Both Meades and Gill are/ were autodidacts. Meades’ writing displays his love of learning and the even greater love of showing off that learning. With food, he clearly know his onions but what about everything else? Does he really have a deeply-held original point of view on Charles de Gaulle or does he sit up all night honing opinions on the matters of the day? I suspect that as with Gill there’s a fair dose of prejudice in there but importantly, they’re his prejudices. The trick that both Meades and Gill mastered is never to explain. In prose and on television, Meades simply states his opinions and moves on. The Plagiarist in the Kitchen is full of gnomic statements such as:

“So far as I can recall I have not eaten guacamole.


“I can’t think of any circumstances in which I’d use oregano.”

Crucially he’s not on twitter to battle the outraged keyboard warriors. AA Gill too prided himself on not doing “the internet” as he put it.  In an age when even the President of America argues on twitter, this aloofness makes Meades one of the last of a breed.

The Plagiarist in the Kitchen by Jonathan Meades is published this month by Unbound

This article originally appeared in Spectator Life 


Why do wine writers write only about wine?

There’s an article by Craig Brown (the humourist not the former Scotland football manager) about being present at the one and only meeting between Anthony Burgess and Benny Hill. Apparently it was not a great success. Though the two great artists admired each other’s work they could not find any common ground: Burgess wanted to talk about comedy and Hill wanted to talk about literature. Specialists often want to talk about almost anything else apart from their area of expertise. This is common in all walks of life except it would seem wine writing. Wine writers only talk about wine. Compare two writers for the Times for example: on the restaurant page Giles Coren pontificates about whatever he feels like with the actual food coming far down his list of priorities whereas Jane McQuitty sticks to recommending wine with not a mention of her hell-raising days at Studio 54*.

I’m not sure how I feel about this. There is a wonderful purity about reading someone who really knows their subject and writes about it to the exclusion of everything else. I like that Tim Atkin et al don’t blether on about their private lives (unless of course they were interestingly scandalous) or use their columns as a platform to opine Archbishop of Canterbury-like on the failures of the Coalition. And God forbid that wine should ever have the Observer Food Monthly treatment with its celebrity lifestyle nonsense. But it does seem odd how wine seems to exist in a bubble cut off from politics, culture and the minutia of everyday life. Occasionally it ventures out to look at global warming, tax rises or a black workers co-op in South Africa but mostly its nose is firmly planted in a glass.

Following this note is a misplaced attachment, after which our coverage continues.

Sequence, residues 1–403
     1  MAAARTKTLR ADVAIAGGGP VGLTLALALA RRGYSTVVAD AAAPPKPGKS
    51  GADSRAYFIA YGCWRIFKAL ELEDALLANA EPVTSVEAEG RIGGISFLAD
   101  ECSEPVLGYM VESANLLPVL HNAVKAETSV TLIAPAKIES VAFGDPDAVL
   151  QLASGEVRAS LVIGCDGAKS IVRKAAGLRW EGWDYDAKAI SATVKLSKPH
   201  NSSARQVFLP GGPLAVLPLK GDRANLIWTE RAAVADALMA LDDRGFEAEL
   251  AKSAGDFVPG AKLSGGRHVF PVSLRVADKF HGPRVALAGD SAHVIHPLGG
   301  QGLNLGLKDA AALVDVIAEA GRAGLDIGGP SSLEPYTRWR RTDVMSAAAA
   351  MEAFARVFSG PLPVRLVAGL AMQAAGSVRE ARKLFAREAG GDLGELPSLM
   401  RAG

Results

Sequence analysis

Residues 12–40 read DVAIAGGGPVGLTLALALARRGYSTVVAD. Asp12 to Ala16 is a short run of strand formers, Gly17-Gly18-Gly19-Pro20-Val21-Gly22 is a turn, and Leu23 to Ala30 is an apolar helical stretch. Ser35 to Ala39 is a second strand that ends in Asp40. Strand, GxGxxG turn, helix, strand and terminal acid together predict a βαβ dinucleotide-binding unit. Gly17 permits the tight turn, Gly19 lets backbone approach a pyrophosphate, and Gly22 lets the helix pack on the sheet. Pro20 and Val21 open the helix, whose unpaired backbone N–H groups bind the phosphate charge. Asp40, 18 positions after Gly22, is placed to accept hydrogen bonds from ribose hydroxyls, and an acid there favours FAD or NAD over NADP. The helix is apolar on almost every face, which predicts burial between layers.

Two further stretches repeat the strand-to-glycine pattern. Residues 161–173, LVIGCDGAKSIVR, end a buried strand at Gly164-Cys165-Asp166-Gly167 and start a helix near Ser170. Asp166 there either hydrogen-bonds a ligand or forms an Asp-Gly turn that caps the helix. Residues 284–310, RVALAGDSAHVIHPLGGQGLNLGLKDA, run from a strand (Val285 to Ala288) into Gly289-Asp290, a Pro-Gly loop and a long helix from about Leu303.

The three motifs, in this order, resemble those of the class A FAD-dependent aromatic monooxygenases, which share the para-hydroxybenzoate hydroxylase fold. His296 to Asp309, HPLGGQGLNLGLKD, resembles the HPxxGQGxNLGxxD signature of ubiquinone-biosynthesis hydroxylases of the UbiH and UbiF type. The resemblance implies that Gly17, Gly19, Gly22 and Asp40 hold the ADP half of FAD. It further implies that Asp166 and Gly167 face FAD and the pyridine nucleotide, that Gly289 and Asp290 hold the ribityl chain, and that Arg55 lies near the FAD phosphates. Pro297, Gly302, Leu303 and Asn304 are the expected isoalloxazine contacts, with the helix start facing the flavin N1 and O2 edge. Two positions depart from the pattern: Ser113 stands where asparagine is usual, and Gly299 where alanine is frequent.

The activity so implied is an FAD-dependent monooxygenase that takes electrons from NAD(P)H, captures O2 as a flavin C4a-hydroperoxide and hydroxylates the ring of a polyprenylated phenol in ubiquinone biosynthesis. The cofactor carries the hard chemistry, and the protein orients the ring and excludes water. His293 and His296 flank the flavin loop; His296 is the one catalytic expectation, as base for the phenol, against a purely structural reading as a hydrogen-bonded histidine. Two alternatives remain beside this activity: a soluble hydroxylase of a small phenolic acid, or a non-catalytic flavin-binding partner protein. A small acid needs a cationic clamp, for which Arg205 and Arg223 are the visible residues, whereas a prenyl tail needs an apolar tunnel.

This is fine if you are Jancis Robinson and have a large wine-literate audience to talk to. One of the joys of her website is feeling that you are part of a knowledgeable club. But other mainstream writers have the difficulty of not knowing quite how interested their readers are in what is a complicated subject. Inevitably many fall between two stools: one being too winey for the general reader; the other being not winey enough for the wine bore. Perhaps newspapers wouldn’t be cutting their wine pages if there was someone who wrote not to impart knowledge and recommend but merely to entertain. After all who reads AA Gill to decide where to eat?

* This is a joke. To my best knowledge Jane McQuitty never raised hell at Studio 54.

An impecunious amateur in the East

Victor Crabbe, World of Booze‘s man in Singapore, looks at what to drink in the former colony:

When I was young, I had a LEGO catalogue that described a perfect town, with just one of everything: one sandwich shop, one police station, one motorway maintenance vehicle, one railway station, one space rocket launch pad, and so on. On the face of it, Singapore has the same refreshing approach. There is one media provider, one airport, one coffee chain, one telephone company, one political party – and one beer, Tiger.